Amazon’s largest competitor in the retail space is arguably Walmart. They are the largest big-box retailer in the world, and are standing between Amazon and industry domination. Walmart has actually starting to make strides into the e-commerce space, leveraging the expertise of their Jet.com purchase and aiming to grow e-commerce sales by 40% for 2018.

Prior to Whole Foods, Walmart had an advantage that Amazon couldn’t easily replicate. Lots of stores.

Wait, aren’t physical stores supposed to be dying? Isn’t everyone supposed to be shopping online?

Well, there are two ways to look at this. Not every one is shopping online yet, and most people still opt to buy say their groceries in person.

Another problem that comes up is delivery time. Sometimes, I want to buy a chicken right now. I need to do a last minute gift purchase. Ordering online takes too long, so I go into stores.

Not only are delivery times really long, they are also very expensive. Amazon’s shipping division lost them $7.2B in 2016. With real estate and physical locations, especially since Whole Food’s stores are within 10 miles of 80% of the American population, you have the ability to

a) quickly deliver from your retail stores

b) enable in-store pickup

c) keep groceries and produce fresh during delivery.

The ability to keep groceries fresh and deliver them promptly has been an ongoing challenge for Amazon. Whole Foods gives Amazon the ability to bring e-commerce to the grocery market right off the bat.

whole foods geographic distribution

Heatmap for the Whole Foods store locations.

Ecosystem Strengthening

One of Warren Buffett’s principles in identifying a great business is how “sticky” their business model is. Is the business effective at capturing consumers into their system and making them stay? This is the main reason we see companies like Apple and Amazon investing into content such as exclusive television shows and artists. They are giving you another reason to stay on their platform.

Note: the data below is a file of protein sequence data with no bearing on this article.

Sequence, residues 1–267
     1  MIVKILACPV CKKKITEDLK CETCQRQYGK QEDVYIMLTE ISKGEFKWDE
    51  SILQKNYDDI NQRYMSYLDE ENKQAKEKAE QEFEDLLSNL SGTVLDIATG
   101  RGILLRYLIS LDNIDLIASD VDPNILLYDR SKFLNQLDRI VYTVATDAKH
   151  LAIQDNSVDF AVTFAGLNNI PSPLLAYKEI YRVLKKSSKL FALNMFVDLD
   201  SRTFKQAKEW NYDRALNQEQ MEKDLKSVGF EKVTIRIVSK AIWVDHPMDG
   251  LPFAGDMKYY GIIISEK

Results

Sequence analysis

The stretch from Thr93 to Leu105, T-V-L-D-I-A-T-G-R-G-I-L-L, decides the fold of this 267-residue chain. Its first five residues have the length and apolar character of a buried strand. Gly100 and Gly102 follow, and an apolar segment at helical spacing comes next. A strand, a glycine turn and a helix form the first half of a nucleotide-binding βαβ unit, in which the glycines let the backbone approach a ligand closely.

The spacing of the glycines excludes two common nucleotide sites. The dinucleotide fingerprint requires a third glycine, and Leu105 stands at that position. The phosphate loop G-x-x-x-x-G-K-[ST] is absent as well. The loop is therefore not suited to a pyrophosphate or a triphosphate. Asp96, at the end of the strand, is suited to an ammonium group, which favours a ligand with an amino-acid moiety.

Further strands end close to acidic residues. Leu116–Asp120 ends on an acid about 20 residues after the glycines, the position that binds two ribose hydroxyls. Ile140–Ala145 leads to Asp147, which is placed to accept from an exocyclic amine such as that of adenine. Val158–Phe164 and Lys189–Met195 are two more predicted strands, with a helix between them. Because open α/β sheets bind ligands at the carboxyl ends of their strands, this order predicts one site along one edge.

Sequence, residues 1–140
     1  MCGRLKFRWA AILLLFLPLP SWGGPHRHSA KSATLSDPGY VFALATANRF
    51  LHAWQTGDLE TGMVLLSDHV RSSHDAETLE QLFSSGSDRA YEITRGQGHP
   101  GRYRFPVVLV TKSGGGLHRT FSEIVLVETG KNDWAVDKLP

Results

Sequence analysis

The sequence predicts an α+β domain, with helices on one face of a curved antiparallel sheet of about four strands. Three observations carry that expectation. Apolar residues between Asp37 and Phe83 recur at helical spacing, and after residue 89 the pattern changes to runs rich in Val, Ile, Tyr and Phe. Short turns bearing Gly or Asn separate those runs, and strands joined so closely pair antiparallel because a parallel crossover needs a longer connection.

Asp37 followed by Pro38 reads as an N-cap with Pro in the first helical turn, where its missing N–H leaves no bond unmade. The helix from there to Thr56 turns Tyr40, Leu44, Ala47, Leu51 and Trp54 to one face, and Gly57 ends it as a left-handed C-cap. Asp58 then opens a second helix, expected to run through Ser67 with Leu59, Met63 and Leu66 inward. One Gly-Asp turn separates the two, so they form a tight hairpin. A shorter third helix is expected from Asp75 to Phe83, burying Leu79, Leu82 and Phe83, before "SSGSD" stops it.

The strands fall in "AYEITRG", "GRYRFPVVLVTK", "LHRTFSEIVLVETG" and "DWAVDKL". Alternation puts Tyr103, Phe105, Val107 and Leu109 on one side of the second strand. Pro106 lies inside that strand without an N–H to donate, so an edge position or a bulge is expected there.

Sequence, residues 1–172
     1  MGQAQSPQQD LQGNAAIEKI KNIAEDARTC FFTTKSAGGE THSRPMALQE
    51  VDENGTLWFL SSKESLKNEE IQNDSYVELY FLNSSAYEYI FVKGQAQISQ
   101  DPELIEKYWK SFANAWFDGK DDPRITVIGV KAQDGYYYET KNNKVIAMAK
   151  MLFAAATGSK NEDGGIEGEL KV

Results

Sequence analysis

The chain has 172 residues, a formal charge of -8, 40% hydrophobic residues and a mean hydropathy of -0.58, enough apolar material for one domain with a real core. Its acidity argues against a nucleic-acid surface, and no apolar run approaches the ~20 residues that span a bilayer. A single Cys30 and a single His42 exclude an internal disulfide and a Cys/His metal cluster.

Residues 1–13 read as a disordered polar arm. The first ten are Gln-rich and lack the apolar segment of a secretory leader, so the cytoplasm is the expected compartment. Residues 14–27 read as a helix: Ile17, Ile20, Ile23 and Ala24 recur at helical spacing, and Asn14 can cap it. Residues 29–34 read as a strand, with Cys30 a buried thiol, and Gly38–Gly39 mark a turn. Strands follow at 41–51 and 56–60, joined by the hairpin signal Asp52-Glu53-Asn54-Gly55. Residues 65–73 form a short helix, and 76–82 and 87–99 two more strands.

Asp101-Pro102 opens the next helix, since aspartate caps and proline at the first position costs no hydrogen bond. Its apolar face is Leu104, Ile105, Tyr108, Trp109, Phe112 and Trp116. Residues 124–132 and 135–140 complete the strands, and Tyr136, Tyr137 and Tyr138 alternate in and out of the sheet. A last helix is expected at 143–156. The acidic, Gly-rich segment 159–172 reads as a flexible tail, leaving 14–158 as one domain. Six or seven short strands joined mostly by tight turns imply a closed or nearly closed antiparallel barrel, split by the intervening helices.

Amazon Prime is Amazon’s extension of this strategy. They offer you free shipping so you end up buying more. Prime gives you access to a library of videos and content, so you keep browsing on Amazon.  You also have exclusive partnerships with companies such as Twitch, Audible, and even offer their own VISA card. None of these are cheap investments, but all serve to keep Amazon customers locked into their ecosystem.

Whole Foods is just another acquisition that strengthens this ecosystem. Moving forward, it’s easy to see Amazon continuing a rollout of their Amazon Fresh and Pantry. These services deliver food and groceries to Prime Members only, and are another incentive to stay locked into their ecosystem.

Was Whole Foods A Good Buy?

From a purely financial perspective? Maybe not. But I’m no finance major. From the perspective of strategy, strengthening the Prime ecosystem, and growing the business, Amazon’s purchase of Whole Foods was spot on.

A quick summary of the changes, courtesy of Business Insider, can be found here: http://www.businessinsider.com/amazon-changes-whole-foods-2017-9.